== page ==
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Amazon's wholesale business targeted in expanded antitrust suit

The attorney general of Washington, DC, is adding to a lawsuit he filed in May.

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An antitrust lawsuit against Amazon is growing.

Ben Fox Rubin/CNET

The attorney general for Washington, DC, has expanded an antitrust lawsuit against Amazon to allege that the e-commerce giant locks wholesalers into anti-competitive agreements. AG Karl Racine's initial suit, filed in May, broadly accused Amazon of having too much control over the amount outside vendors can charge for their products.

The updated lawsuit, reported earlier Monday by The Washington Post, says Amazon illegally demanded that its wholesalers guarantee that Amazon will make a certain amount of money when it resells their products as its own. Otherwise, the suit alleges, they must compensate Amazon for profits it loses. Wholesalers then raise their prices when selling to Amazon's competition, giving the company another advantage, Racine alleges.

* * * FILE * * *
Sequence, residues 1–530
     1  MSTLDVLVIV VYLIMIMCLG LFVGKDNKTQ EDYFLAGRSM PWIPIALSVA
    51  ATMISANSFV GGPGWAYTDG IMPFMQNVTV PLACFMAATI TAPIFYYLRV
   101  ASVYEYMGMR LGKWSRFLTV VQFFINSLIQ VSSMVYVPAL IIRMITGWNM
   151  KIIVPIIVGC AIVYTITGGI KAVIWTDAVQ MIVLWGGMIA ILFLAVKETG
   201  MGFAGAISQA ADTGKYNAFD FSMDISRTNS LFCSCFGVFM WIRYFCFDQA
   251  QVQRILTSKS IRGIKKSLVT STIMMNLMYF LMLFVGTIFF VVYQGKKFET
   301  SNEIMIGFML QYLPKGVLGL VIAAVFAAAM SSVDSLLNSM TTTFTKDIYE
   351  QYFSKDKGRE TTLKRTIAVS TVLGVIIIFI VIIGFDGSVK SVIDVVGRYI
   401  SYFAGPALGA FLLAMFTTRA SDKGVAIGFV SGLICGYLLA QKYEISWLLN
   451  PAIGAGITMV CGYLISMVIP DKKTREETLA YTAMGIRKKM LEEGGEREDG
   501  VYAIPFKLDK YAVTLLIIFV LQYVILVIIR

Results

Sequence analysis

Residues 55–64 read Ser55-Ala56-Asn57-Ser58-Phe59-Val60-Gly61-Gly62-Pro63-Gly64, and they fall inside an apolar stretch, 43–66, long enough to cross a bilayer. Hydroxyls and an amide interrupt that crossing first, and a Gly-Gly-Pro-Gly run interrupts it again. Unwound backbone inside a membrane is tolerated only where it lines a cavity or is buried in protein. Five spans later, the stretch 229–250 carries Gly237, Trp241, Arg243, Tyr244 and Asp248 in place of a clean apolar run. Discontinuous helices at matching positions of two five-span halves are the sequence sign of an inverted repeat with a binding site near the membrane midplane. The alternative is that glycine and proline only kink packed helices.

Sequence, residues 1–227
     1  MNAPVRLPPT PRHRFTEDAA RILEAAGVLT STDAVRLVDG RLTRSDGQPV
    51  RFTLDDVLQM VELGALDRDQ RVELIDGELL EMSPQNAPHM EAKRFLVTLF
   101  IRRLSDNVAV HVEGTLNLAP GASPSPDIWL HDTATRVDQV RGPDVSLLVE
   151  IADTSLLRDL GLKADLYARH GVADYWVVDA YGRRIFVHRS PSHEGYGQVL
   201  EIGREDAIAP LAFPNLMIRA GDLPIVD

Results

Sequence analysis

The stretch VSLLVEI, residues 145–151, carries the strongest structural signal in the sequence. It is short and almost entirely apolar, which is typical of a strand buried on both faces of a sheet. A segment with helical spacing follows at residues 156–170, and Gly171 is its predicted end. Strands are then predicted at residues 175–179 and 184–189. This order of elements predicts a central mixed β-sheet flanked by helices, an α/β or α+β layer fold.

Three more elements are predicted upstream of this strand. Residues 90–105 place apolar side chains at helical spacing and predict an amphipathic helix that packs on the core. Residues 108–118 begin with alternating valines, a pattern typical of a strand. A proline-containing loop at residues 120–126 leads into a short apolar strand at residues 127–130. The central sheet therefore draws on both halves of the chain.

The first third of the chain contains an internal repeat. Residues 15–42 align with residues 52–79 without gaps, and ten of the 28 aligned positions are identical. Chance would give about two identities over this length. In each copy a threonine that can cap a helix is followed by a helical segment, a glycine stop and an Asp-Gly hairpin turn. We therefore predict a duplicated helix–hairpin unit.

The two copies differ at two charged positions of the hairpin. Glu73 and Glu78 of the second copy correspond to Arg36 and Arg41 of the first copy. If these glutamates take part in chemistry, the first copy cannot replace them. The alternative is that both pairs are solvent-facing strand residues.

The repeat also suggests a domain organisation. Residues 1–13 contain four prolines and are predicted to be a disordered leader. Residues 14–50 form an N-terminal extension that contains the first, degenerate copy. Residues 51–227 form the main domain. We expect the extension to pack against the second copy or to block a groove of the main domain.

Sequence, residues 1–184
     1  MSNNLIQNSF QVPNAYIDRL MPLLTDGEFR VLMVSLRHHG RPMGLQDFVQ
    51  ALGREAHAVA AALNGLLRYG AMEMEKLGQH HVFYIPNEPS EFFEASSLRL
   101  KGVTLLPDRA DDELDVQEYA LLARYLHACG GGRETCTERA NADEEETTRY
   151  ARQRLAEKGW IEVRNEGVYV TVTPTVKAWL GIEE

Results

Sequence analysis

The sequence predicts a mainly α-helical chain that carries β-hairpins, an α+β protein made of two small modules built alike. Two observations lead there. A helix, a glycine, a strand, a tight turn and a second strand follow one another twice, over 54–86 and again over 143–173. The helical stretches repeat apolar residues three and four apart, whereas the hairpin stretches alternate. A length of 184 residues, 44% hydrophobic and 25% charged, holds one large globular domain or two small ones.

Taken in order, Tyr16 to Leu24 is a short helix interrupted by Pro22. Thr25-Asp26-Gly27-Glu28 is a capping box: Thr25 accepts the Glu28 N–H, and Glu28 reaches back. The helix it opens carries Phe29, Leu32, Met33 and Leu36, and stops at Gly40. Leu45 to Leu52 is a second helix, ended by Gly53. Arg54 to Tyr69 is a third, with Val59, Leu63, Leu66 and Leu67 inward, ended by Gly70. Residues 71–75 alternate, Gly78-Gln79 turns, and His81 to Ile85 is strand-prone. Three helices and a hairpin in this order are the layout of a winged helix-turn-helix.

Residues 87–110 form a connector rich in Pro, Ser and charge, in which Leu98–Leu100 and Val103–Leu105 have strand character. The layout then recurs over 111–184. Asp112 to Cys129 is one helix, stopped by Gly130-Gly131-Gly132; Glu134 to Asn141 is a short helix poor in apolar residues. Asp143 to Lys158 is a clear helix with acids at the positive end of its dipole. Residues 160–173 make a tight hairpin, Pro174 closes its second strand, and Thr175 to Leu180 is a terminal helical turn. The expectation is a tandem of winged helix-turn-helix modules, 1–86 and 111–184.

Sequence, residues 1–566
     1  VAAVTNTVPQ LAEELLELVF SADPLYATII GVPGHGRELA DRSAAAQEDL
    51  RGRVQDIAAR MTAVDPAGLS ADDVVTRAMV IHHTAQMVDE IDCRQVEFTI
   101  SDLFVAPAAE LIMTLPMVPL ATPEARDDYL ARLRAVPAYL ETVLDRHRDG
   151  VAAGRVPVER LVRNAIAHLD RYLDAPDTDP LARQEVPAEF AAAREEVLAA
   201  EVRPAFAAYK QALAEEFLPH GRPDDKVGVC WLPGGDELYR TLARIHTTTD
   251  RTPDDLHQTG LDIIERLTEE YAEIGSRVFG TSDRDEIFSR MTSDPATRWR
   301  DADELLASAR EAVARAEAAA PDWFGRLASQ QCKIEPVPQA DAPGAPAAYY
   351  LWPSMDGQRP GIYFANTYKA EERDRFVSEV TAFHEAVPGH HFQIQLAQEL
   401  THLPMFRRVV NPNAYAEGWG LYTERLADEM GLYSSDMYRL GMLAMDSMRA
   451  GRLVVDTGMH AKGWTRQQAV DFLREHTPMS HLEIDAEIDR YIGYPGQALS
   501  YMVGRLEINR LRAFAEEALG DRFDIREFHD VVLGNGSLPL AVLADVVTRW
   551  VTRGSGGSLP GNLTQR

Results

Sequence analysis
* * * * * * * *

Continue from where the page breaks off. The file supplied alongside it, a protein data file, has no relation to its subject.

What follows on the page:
"As we further investigated Amazon's anti-competitive practices that harm consumers and further entrench Amazon's monopoly, we learned it was also engaging in anti-competitive agreements with first party sellers, or wholesalers -- in addition to third-party sellers," Racine said in a statement emailed to CNET. "I filed this antitrust lawsuit to stand up for consumers, hold Amazon accountable for its anti-competitive practices, and protect competition. We're continuing to do just that with this amended complaint that adds more of Amazon's misconduct."

Amazon, which filed a motion to dismiss Racine's original complaint, declined to comment on the updated suit and pointed to its previous statement.

"Amazon takes pride in the fact that we offer low prices across the broadest selection, and like any store we reserve the right not to highlight offers to customers that are not priced competitively," the company previously said. "The relief the AG seeks would force Amazon to feature higher prices to customers, oddly going against core objectives of antitrust law."